The justices aren’t driven by polling the way elected lawmakers are, but they are often mindful of the court’s credibility. Chief Justice John Roberts, in particular, has shown himself to be an “institutionalist” who wants to protect the court’s legitimacy, Tobias said. That was clear in last year’s decision on ObamaCare.

The political pressures facing the court on same-sex marriage are blowing from several directions, however, making it uncertain exactly how the court will rule.

“I don’t think you can say confidently which way it cuts,” said Tom Goldstein, a Supreme Court attorney and the founder of SCOTUSBlog.

via Court watchers: Opinion shift on gay marriage hard for justices to ignore – The Hill – covering Congress, Politics, Political Campaigns and Capitol Hill |

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Supreme Court DOMA Ruling Looms Over Immigration Overhaul – ABC News

Before U.S. lawmakers decide whether they will address same-sex couples in a comprehensive immigration overhaul bill, the Supreme Court could make the decision for them.

The high court faces a choice this month to uphold or strike down all or parts of the federal Defense of Marriage Act’s definition of marriage as being between a man and a woman. If DOMA is struck down, gay marriage advocates will view it as an unambiguously positive outcome for their cause because, in part, it also resolves the question of whether the immigration law can apply to same-sex couples.

“For the first time in immigration equality’s history, our legal team is now assisting couples in preparing their green card applications,” said Steve Ralls, the communications director at the advocacy group Immigration Equality. “We’re definitely preparing couples. The court ruling and the backup plan of congressional legislation make us confident more so than at any other time.”

But a court decision has its downsides as well. Although the Obama administration is likely to implement the court’s decision in a way favorable to gay marriage advocates, a future administration might not.

If DOMA is upheld or if the court’s ruling on the constitutionality of a federal definition of marriage is less clear, the result could be continued legal uncertainty for gay couples. One way Democrats in the Senate and gay marriage advocates have hoped to resolve this is by attaching an amendment to the immigration bill that would give same-sex couples the same benefits as heterosexual couples under the immigration law.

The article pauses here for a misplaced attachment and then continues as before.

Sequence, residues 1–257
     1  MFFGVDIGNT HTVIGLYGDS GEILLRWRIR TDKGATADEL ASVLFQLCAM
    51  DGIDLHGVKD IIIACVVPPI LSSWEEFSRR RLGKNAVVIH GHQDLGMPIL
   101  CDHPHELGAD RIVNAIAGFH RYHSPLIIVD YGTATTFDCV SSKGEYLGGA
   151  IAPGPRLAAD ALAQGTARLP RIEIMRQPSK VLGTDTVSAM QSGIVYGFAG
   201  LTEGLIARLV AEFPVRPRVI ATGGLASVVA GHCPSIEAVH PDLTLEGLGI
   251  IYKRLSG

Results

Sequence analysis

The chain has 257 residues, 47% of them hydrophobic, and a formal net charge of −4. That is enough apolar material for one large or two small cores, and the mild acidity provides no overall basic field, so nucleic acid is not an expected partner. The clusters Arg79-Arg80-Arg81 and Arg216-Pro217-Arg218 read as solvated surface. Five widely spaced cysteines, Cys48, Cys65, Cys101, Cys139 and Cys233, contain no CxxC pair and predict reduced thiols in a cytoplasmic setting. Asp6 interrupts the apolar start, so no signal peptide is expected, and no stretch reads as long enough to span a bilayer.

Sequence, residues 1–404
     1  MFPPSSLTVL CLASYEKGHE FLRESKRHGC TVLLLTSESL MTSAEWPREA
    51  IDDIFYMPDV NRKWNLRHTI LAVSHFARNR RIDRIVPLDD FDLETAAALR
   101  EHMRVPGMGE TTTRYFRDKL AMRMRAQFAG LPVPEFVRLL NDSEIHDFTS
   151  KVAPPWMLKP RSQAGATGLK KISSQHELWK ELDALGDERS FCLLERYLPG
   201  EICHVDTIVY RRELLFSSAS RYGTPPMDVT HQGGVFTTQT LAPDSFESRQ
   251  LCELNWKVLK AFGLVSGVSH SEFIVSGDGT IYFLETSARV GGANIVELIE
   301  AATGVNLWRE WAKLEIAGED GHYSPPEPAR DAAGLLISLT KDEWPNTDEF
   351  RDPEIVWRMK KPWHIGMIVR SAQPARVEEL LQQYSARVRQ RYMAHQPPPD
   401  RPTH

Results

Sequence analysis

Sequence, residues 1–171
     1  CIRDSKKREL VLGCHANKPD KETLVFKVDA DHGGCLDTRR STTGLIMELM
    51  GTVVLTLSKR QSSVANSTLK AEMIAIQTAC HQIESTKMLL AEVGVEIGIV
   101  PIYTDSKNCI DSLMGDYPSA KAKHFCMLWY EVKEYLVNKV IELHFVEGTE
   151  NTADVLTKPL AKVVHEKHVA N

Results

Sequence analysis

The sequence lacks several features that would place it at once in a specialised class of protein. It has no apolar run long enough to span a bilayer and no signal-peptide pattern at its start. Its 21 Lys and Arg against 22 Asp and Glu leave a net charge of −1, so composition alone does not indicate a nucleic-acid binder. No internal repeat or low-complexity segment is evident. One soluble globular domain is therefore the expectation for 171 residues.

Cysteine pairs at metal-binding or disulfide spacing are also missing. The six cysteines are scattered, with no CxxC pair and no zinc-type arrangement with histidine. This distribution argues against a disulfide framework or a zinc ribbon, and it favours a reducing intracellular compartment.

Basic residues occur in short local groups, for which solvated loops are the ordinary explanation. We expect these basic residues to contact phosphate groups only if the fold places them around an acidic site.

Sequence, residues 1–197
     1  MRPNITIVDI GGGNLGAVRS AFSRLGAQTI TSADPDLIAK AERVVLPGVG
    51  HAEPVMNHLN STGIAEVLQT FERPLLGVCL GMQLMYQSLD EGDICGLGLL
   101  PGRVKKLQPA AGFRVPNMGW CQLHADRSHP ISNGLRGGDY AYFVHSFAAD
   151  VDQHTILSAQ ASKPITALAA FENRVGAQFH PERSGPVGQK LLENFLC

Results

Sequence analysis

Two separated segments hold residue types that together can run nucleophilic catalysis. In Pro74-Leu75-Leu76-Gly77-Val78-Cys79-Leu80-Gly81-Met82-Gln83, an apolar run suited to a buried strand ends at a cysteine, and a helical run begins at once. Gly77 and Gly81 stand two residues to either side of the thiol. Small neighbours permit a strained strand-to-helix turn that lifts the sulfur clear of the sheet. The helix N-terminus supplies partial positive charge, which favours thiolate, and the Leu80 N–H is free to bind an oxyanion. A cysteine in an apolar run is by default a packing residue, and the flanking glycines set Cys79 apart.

But Democrats face an uphill struggle in Congress where Republicans have staunchly opposed the inclusion of a same-sex marriage amendment in the immigration bill. A principal Republican sponsor of the legislation, Sen. Marco Rubio, R-Fla., said Thursday he would walk away from his own immigration bill if a same-sex marriage amendment is included.

With the court’s final decision fast approaching, here are some ways the issue could shake out:


via Supreme Court DOMA Ruling Looms Over Immigration Overhaul – ABC News.

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Marriage Equality in Illinois: Hurry Up and Wait | WCHI News

In light of the passing of marriage equality laws in 12 states plus the District of Columbia, a microscope seems to be on Illinois to see if legislators and Governor Quinn will support their fellow Illinoisan, President Obama.  On May 29th, Obama raised the issue at a fundraising dinner in Chicago when he said of the pending marriage equality bill in the Illinois State House, “I just want to say for the record it’s something that I deeply respect.”

Obama reiterated his support in his speech last Thursday during an annual Gay Pride reception held at the White House, saying that it was time for marriage equality.  “(I)t’s clear we’re reaching a turning point. We’ve become not just more accepting; we’ve become more loving, as a country, and as a people.”

“I’ll continue to support marriage equality and states’ attempts to legalize it, including in my home state of Illinois. We’re not giving up on that,” he later added.

Many Illinois lawmakers remain undecided and certainly feel the pressure but refuse to make their intentions known.  Marriage equality supporters appear to have good cause for worry.